Indigenous bow from the 16th century found in Alaska, ancient reindeer hunting tools unearthed in Norway, Anne Boleyn's heraldic falcon discovered in England.
500-Year-Old Indigenous Hunting Bow Found In Near-Perfect Condition In An Alaskan Lake
For thousands of years, the area surrounding Alaska’s Lake Clark has been home to the Dena’ina people. To this day, this region remains so remote that not a single road leads there, making it accessible only by boat or seaplane. And both because it’s so remote and because no development whatsoever occurs there, archaeological finds that might illuminate the history of the Dena’ina are virtually never made.
However, National Park Service rangers working in the area in late 2021 stumbled upon a 500-year-old hunting bow sitting just two feet below the surface of Lake Clark. However, archaeologists were stunned to find that this bow instead bears the hallmarks of the Yup’ik people and remained baffled as to how exactly it got there.
See more from this historic find here.
Glacial Archaeologists Just Uncovered Ancient Reindeer Hunting Tools Atop A Mountain In Norway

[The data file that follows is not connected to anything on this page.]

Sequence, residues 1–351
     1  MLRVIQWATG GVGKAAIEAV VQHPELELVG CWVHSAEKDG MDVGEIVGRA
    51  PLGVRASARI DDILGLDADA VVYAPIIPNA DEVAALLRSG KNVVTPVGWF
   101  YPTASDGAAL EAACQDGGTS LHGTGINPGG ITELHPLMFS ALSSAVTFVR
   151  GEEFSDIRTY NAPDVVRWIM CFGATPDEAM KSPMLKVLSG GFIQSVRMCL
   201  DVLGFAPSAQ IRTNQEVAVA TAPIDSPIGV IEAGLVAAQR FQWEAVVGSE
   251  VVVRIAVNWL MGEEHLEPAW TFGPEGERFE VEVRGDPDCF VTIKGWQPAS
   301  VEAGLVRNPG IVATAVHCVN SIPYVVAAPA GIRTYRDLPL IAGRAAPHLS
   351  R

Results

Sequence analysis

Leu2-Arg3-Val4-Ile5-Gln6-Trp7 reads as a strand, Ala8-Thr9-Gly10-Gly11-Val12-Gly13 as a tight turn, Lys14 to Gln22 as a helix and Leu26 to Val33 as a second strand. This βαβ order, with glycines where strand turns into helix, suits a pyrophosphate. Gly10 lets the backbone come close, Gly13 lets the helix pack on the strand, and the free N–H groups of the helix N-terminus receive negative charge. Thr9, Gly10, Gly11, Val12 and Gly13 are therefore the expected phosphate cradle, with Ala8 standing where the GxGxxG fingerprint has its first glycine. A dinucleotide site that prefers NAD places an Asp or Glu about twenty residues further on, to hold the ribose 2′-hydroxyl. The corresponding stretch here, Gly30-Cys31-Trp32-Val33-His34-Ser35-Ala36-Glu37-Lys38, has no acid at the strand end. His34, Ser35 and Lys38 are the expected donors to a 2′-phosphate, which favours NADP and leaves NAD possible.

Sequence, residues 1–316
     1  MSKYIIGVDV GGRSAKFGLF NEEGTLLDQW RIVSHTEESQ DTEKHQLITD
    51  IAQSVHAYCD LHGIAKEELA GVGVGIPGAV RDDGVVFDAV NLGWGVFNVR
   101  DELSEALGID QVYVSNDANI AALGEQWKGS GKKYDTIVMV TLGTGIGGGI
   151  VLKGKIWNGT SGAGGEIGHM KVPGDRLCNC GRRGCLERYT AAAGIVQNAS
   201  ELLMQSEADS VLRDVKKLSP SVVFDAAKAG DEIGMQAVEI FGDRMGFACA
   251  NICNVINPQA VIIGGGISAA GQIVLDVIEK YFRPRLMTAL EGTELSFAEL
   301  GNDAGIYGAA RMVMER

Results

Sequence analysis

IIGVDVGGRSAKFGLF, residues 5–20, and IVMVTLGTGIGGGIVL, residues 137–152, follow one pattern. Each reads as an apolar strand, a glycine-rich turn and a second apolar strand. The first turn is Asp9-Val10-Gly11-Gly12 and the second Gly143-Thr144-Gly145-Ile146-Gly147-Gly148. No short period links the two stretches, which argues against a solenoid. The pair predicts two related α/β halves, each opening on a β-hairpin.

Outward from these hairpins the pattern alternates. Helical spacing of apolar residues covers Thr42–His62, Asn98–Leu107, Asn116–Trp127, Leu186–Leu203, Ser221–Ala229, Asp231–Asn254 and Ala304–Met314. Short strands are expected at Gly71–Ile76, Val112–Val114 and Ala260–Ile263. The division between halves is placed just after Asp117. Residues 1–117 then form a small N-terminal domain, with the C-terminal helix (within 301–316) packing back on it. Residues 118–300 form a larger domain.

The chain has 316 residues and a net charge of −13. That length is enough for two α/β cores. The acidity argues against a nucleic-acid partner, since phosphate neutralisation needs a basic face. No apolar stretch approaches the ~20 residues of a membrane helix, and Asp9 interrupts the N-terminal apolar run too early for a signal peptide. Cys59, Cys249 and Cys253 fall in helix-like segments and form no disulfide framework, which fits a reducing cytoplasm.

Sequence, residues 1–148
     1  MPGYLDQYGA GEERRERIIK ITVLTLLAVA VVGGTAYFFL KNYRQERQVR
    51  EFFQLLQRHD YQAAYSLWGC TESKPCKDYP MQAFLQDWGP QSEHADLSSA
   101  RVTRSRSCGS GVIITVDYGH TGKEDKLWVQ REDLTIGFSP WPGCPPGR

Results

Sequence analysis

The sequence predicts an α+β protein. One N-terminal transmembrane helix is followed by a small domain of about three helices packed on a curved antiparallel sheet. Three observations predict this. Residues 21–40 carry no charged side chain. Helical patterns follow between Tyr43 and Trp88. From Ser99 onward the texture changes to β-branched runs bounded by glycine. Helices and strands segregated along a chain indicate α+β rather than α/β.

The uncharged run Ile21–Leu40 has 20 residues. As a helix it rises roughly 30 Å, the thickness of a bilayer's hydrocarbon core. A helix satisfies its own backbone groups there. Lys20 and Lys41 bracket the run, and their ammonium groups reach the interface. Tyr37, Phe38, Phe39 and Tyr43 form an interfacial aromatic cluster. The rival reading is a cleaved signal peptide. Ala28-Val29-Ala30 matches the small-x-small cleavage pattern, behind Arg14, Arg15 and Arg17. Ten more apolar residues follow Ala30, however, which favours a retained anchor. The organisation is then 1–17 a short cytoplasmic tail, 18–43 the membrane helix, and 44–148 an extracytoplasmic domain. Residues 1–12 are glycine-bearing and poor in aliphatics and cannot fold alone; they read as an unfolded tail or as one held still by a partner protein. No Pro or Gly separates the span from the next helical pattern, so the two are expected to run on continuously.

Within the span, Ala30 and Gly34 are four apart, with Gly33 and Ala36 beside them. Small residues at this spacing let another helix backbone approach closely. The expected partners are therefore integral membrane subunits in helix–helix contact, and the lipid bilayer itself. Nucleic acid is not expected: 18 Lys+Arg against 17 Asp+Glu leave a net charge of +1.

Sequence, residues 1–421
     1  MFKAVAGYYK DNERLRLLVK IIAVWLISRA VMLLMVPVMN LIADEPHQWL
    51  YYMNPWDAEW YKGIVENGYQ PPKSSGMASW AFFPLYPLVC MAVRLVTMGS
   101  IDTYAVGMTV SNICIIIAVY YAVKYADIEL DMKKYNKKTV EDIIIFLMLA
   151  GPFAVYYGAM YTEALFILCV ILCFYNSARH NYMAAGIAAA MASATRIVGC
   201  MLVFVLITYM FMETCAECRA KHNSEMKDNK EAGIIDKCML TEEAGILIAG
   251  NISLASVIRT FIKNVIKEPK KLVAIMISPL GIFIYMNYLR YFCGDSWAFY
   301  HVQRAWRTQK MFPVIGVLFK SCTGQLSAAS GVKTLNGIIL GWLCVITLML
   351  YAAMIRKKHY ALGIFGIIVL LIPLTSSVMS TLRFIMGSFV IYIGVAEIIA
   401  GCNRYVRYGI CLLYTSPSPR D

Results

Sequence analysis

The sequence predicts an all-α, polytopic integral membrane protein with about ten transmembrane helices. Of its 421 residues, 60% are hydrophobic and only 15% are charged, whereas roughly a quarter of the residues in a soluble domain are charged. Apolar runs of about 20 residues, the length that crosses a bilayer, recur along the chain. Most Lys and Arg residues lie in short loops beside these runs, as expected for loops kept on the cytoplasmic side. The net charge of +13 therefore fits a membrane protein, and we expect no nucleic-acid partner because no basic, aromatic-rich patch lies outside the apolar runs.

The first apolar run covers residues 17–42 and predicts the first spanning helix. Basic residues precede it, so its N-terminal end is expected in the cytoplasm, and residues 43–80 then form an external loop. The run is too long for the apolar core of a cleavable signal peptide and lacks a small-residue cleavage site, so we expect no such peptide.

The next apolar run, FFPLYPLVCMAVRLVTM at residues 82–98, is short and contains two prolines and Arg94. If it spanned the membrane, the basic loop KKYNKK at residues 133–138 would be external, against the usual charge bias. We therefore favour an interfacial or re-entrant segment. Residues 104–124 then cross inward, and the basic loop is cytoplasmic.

As glaciers shrink in Norway, they’ve pulled back the curtain on humanity’s ancient past. Upon the mountainous peak of Sandgrovskardet, glacial archaeologists have found a number of reindeer hunting tools from 1,700 years ago that were once hidden by the ice.
Dig deeper in this report.
A Wooden Bird That Sold At Auction For $100 Actually Belonged To Anne Boleyn — And Is Worth Much More
In 2019, an “antique carved wooden bird” caught the eye of antiques dealer Paul Fitzsimmons. Because of the crown on its head, he suspected it had royal origins, so he quickly purchased it for £75, equivalent to about $100. To Fitzsimmons’ delight, the bird turned out to be the heraldic emblem of the doomed Anne Boleyn — and is likely worth £200,000 (over $250,000).
Read on here.